WASHINGTON – The Chinese spy balloon that floated across the continental United States before it was shot down by the US military generated deep concern on Capitol Hill in part because it came on the heels of a classified report that outlined incidents of US adversaries potentially using advanced aerial technology to spy on the country.
The classified report to Congress last month discussed at least two incidents of a rival power conducting aerial surveillance with what appeared to be unknown cutting-edge technology, according to US officials.
While the report did not attribute the incidents to any country, two US officials familiar with the research said the surveillance probably was conducted by China.
The report on what the intelligence agencies call unidentified aerial phenomena focused on several incidents believed to be surveillance. Some of those incidents have involved balloons, while others have involved quadcopter drones.
The Chinese government said Friday that the Chinese balloon discovered over the United States was mainly for weather research.
However, US officials said they have assessed it to be a collection device, although not one that could gather the kind of sensitive information that advanced Chinese reconnaissance satellites already collect.
Many countries use aerial spying technology to gather data on rival nations as well as allies and partners, and to look at remote parts of the globe. But the practice can lead to diplomatic crises and greater military tensions when it goes awry.
On Friday, Secretary of State Antony Blinken cancelled a weekend trip to Beijing, which would have been the first visit by the top US diplomat there since October 2018, after American news organisations began reporting on the Chinese spy balloon on Thursday, when it was drifting over Montana.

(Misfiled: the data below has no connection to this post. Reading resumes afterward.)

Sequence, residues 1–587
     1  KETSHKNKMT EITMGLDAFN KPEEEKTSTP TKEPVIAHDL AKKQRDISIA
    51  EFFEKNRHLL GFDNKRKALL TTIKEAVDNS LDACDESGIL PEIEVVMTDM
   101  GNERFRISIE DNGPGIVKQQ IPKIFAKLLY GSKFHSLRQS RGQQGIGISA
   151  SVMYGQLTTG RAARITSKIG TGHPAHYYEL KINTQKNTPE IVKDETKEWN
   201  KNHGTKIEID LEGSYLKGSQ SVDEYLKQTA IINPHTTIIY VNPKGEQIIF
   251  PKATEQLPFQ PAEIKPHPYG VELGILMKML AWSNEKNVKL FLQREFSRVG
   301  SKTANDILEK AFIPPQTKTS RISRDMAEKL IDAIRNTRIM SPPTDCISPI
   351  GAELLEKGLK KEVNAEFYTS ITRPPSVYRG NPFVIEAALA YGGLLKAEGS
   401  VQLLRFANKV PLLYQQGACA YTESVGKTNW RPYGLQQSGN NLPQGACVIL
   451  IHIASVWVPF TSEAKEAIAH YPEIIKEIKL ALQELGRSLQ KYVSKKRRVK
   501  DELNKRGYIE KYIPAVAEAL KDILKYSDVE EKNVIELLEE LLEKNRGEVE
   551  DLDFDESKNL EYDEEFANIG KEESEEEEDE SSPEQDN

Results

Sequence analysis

On Saturday, the US military shot down the balloon after it entered skies over the Atlantic Ocean.
In 2001, a US Navy signals intelligence aircraft collided with a Chinese interceptor jet near the Chinese island of Hainan; the incident left a Chinese pilot presumed dead and led to a diplomatic crisis involving the leaders of the two nations.
China spends about US$209 billion (S$276.6 billion), or 1.3 per cent of gross domestic product, on its military overall, according to a Pentagon report. But policymakers in Washington have been especially worried about its investments in technologies that could have military or intelligence applications.
US defence officials believe China is conducting surveillance of military training grounds and exercises as part of an effort to better understand how America trains its pilots and undertakes complex military operations. The sites where unusual surveillance has occurred include a military base in the United States and a base overseas, officials said.
The classified report mentioned Naval Air Station Fallon in Nevada and Marine Corps Air Station Iwakuni in Japan as sites where foreign surveillance was believed to have occurred, but did not explicitly say China had been behind the actions, a US official said.